This is, quite simply, a very important series and you should be reading it.

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Snake Eyes: Deadgame #2 by Rob Liefeld

Snake Eyes: Deadgame #2Snake Eyes: Deadgame #2 by Rob Liefeld
My rating: 2 of 5 stars

I’m not even going to talk about the art, I covered that in my review of #1, you either like it or you don’t.

So, what about the story? Well, if you found it ridiculous in #1, it gets worse in #2. This is baffling. Honestly. And the most baffling thing of all is why Snake Eyes seems to be wearing a second, red version of his costume under his regular black one!

If anything this just serves to make him look even more like Deadpool.

A mysterious, sexy, female character shows up who’s somehow linked to Snake Eyes’ past, because of course she does. And Scarlett chooses not to shoot her in the head for no discernible reason whatsoever. She just lets this mysterious woman walk off with an unconscious Snake Eyes.

Oh, and Storm Shadow shows up, because of course he does…

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Wolverine: Black, White & Blood (2020-) #1 by Gerry Duggan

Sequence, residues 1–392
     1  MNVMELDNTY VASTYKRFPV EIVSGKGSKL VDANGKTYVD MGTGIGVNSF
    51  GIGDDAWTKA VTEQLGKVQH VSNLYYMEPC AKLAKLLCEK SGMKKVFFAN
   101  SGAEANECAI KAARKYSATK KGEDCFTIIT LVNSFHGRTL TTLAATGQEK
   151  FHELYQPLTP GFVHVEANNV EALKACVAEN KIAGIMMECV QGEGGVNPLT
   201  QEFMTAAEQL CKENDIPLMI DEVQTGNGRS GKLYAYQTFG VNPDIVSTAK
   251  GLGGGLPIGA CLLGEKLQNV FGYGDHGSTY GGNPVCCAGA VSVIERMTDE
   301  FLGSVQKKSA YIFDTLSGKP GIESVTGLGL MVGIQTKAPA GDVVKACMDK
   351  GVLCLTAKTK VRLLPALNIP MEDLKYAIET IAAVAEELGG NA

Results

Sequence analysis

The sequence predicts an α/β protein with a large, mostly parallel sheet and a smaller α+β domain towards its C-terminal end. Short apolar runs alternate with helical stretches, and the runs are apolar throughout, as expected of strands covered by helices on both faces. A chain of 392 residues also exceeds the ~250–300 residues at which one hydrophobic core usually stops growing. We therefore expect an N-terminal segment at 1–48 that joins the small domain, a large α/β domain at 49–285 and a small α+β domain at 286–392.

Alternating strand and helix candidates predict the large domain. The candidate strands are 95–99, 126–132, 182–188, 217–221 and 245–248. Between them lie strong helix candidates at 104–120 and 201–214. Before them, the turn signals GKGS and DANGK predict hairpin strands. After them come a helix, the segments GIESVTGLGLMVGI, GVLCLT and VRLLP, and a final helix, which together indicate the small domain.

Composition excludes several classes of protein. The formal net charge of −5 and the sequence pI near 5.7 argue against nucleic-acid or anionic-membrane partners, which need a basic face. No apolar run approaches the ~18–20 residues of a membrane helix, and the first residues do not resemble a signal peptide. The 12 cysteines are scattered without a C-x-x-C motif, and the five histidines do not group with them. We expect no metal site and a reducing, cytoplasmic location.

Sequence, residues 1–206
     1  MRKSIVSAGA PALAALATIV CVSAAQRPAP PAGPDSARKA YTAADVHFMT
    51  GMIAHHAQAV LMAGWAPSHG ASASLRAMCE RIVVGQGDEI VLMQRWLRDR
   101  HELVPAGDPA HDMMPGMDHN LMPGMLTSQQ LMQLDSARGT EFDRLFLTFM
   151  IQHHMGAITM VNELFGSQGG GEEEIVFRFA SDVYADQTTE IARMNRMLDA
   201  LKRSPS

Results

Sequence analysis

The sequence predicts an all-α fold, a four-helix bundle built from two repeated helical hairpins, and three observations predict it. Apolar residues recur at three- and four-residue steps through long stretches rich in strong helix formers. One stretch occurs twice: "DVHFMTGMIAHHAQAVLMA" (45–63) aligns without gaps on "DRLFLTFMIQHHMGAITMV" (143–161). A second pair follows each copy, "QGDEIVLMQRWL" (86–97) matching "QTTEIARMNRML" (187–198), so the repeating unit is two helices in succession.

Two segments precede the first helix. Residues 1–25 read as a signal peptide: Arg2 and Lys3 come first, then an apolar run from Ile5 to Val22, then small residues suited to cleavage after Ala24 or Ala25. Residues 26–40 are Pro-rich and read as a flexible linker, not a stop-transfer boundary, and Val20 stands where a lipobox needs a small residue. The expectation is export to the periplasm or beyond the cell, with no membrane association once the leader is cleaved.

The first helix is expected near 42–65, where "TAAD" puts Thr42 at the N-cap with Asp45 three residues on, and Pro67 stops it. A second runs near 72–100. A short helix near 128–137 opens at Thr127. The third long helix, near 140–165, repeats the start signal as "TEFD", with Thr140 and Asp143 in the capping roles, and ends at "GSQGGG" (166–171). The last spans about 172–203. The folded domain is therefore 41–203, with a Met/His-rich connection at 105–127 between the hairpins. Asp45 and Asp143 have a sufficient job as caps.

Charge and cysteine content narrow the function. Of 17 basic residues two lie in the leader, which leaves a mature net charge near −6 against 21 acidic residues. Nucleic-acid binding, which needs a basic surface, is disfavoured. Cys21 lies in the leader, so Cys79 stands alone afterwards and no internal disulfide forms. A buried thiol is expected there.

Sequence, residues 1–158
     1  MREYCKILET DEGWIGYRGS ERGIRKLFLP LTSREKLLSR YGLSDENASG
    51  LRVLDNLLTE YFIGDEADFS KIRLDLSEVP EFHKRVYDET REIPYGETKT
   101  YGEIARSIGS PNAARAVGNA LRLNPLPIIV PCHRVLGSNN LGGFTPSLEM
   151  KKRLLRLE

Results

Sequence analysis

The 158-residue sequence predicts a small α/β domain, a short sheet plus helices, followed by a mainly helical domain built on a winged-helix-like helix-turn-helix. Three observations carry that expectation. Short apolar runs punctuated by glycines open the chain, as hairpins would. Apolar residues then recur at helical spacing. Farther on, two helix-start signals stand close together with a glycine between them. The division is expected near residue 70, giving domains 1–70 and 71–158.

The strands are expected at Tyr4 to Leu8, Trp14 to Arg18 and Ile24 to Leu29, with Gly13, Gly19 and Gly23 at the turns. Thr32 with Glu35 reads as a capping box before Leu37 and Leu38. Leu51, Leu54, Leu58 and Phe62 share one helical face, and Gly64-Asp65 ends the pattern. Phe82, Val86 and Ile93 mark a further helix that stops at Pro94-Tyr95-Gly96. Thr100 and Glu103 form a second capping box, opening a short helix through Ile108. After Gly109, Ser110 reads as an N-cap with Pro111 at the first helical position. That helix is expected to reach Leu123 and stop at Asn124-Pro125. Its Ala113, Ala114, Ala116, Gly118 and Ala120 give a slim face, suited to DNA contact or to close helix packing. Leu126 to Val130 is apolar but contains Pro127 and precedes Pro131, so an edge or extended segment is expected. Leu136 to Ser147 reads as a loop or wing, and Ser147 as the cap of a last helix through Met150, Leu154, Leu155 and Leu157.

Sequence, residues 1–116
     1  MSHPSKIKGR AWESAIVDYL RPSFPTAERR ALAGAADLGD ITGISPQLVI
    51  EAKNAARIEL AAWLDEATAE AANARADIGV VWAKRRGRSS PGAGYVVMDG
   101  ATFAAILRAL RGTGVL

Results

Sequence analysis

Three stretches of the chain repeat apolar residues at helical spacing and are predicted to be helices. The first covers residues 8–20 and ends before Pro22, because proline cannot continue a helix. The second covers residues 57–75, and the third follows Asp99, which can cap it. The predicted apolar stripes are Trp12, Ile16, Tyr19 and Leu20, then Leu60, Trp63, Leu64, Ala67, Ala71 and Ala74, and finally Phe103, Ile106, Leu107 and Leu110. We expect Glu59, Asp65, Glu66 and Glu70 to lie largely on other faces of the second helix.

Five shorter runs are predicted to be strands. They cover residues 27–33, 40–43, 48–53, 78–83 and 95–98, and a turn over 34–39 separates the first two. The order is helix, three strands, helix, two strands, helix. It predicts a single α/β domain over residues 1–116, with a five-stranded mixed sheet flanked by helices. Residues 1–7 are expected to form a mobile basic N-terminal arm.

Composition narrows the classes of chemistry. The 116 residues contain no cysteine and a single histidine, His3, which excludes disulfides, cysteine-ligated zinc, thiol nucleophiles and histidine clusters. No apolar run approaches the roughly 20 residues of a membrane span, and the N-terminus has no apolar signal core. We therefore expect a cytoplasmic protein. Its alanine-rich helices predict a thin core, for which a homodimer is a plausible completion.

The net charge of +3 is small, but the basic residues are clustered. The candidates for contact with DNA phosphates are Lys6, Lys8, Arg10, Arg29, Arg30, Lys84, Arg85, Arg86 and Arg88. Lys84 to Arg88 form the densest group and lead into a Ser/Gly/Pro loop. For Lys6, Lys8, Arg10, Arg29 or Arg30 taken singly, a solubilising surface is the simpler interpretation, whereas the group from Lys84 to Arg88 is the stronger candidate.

Wolverine: Black, White & Blood (2020-) #1 (of 4)Wolverine: Black, White & Blood (2020-) #1 by Gerry Duggan
My rating: 3 of 5 stars

We have some beautiful art here, particularly from Adam Kubert, with the single colour used very effectively. The writing too is good, for what it is…but these are shorts, and nothing’s really allowed to develop beyond “Wolverine does the stabby” and that’s a little disappointing. We’ve seen this kind of Wolverine solo story before, a thousand times, and I’m sure it’s exactly what some people want, but, personally, it’s got a little old for me.

Still, I can’t deny that this comic is very well written and illustrated, and if you want to read stories about Wolverine doing the stabby then you’ll probably enjoy it.

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Avengers (2018-) #38 by Jason Aaron

Avengers (2018-) #38Avengers (2018-) #38 by Jason Aaron
My rating: 3 of 5 stars

By no means a bad comic, but one that feels like it’s winding down from the last bug story while also setting up the next, and, as such, is a little unsatisfying.

In fact, all of Aaron’s run has been one big story, building to, one hopes, some kind of spectacular pay off. However, sometimes I worry that it’s all building to nothing and it’ll just fizzle out as the book gets relaunched with a new creative team and all these plot threads will be left dangling.

But that’s the risk you take with modern comics, and Marvel are to be commended for letting Aaron (and McGuinness) stay on this book for so long that things set up in the first few issues are only just beginning to pay off now.

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Deadpool (2019-) #8 by Kelly Thompson